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Cancer care: "Tragic underservice"

By Matthew C. Wiencke

This is one of the maps in a new Dartmouth Atlas report focused on cancer care.

A new report by the Dartmouth Atlas Project, the first to focus specifically on cancer care, shows that whether patients with advanced cancer die in a hospital or while receiving hospice care varies greatly across regions and academic medical centers.

The Dartmouth researchers studied 235,821 Medicare patients age 65 or older with aggressive or metastatic cancer who died between 2003 and 2007. They found that in many parts of the country, over a third of patients spent their last days in hospitals; the range was from a high of 46.7% in Manhattan to a low of 19.6% in Fort Lauderdale, Fla. Many of the hospitalized patients received aggressive care, such as feeding tubes. And although chemotherapy was used in the last two weeks of life for 6% of all patients nationwide, in some areas the rate exceeded 10%; in Olympia, Wash., for example, it was 12.6%.

Patients' care varied in other ways as well. For example, over 40% of patients were admitted to intensive care during the last month of life in Huntsville, Ala., but only 6% in Mason City, Iowa.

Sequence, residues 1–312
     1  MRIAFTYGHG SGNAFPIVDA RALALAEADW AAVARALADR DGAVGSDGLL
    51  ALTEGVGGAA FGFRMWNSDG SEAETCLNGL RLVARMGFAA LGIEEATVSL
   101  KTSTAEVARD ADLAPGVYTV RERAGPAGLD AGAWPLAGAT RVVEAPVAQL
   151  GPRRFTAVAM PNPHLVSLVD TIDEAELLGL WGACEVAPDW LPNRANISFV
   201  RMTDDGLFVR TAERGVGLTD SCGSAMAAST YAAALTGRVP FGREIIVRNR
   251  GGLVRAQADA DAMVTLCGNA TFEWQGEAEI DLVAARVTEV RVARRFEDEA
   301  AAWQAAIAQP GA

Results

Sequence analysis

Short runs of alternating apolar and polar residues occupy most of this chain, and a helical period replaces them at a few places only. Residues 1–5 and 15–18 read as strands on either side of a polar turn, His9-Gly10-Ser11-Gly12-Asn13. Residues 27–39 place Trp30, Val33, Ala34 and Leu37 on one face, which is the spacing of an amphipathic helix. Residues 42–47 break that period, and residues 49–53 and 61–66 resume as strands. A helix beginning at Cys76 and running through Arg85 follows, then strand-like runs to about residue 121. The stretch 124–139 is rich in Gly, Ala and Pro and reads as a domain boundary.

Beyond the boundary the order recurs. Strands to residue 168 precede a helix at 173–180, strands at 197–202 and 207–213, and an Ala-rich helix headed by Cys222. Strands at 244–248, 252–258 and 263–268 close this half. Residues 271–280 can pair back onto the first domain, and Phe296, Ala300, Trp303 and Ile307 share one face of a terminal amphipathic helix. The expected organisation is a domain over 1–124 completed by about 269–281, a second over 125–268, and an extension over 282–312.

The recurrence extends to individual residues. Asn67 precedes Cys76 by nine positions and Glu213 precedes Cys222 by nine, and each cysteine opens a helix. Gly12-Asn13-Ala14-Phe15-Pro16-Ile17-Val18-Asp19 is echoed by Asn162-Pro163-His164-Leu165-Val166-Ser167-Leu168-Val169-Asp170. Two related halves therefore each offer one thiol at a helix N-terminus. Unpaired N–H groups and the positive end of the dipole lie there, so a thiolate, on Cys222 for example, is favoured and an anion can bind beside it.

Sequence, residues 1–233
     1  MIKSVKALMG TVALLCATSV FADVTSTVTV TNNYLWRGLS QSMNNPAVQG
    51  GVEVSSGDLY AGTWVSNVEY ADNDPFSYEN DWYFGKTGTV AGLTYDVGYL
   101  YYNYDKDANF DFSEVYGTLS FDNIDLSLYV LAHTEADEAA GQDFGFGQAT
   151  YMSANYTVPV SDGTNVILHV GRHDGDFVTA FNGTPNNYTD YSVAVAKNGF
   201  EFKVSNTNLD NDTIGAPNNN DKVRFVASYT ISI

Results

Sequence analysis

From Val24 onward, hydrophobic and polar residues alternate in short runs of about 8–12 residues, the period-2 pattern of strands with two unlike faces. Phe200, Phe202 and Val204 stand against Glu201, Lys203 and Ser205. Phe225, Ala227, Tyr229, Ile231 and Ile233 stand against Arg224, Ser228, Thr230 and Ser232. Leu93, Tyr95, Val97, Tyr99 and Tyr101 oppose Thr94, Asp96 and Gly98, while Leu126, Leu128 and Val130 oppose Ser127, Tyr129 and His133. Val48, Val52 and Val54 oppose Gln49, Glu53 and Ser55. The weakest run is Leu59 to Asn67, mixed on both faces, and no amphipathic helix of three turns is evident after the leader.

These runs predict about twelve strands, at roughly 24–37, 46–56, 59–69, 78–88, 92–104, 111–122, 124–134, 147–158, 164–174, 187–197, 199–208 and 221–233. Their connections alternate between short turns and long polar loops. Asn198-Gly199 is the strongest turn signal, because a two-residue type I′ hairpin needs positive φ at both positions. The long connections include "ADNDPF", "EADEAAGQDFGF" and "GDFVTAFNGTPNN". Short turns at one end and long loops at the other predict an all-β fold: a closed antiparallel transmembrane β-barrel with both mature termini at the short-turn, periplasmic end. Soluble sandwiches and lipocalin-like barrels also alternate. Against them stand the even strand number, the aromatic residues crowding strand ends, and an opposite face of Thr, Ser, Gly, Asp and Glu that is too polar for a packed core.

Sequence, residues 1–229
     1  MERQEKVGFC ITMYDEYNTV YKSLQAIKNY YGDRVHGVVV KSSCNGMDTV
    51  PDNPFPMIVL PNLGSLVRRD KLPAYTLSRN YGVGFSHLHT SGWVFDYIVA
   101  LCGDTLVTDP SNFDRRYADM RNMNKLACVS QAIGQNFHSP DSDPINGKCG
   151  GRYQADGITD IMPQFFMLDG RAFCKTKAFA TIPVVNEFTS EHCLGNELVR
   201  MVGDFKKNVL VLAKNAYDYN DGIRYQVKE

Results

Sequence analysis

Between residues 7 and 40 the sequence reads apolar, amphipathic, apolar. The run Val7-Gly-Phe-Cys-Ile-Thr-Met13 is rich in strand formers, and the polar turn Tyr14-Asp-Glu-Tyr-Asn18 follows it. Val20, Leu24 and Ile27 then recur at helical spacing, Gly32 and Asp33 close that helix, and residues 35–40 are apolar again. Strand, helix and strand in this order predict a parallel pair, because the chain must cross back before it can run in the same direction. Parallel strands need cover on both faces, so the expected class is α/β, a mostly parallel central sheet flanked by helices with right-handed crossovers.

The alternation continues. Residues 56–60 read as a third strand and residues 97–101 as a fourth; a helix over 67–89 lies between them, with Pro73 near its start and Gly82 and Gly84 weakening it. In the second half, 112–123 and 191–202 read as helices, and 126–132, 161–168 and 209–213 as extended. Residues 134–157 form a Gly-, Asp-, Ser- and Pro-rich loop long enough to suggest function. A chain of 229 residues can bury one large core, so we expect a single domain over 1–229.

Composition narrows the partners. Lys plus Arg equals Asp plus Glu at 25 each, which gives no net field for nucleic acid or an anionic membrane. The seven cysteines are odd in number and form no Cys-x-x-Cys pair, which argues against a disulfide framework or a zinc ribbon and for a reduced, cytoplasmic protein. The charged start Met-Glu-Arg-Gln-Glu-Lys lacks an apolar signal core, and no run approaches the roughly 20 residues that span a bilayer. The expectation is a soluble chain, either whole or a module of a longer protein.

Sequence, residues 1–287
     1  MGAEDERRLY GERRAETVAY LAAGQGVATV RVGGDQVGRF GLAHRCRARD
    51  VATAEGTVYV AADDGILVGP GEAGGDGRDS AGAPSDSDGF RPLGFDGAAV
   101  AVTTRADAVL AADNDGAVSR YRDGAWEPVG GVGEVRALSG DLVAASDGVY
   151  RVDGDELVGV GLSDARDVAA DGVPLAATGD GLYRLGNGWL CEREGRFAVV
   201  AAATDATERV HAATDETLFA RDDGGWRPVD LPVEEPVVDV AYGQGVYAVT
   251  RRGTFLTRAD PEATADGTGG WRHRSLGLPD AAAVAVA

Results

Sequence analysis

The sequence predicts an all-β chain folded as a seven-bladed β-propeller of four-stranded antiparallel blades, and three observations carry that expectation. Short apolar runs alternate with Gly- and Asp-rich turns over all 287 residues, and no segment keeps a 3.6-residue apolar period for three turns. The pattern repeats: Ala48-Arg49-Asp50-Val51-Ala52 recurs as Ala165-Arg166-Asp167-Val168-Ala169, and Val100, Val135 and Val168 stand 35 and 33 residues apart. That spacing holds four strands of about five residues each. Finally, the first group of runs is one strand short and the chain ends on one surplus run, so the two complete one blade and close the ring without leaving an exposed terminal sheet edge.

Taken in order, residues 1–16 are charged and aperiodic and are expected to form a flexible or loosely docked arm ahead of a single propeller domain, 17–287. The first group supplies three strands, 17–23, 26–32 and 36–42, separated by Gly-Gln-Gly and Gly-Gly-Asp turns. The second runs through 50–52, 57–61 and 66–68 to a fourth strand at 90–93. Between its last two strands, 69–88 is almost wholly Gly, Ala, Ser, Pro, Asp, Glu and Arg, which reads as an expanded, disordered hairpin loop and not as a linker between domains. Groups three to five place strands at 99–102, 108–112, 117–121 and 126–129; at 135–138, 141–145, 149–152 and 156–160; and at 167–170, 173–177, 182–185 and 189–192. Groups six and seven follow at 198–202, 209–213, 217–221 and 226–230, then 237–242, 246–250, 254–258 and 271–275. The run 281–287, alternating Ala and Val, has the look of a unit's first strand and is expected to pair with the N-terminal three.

Intensive: There were variations in care even for patients hospitalized in academic medical centers. For example, 46.1% of patients were admitted to intensive care in the last month of life at St. John Hospital and Medical Center in Detroit, compared to only 8.9% of patients at Memorial Sloan-Kettering in Manhattan. In at least 50 academic medical centers, less than half of these patients with advanced cancer were receiving hospice services.

Patients, the researchers argue in their report, need to be made more aware of their choices and of what those choices mean. "Many patients find little opportunity to explore these preferences as the clinical team 'fights' the battle against an illness that has no cure," the authors wrote. "The slow pace of adoption of early palliative care for patients with serious cancer is a tragic underservice of health care, leading to much unnecessary suffering."

"When it's likely to be a very shortened life span," says lead author David Goodman, M.D., "patients want to understand how they can live long, but also how they can live well."


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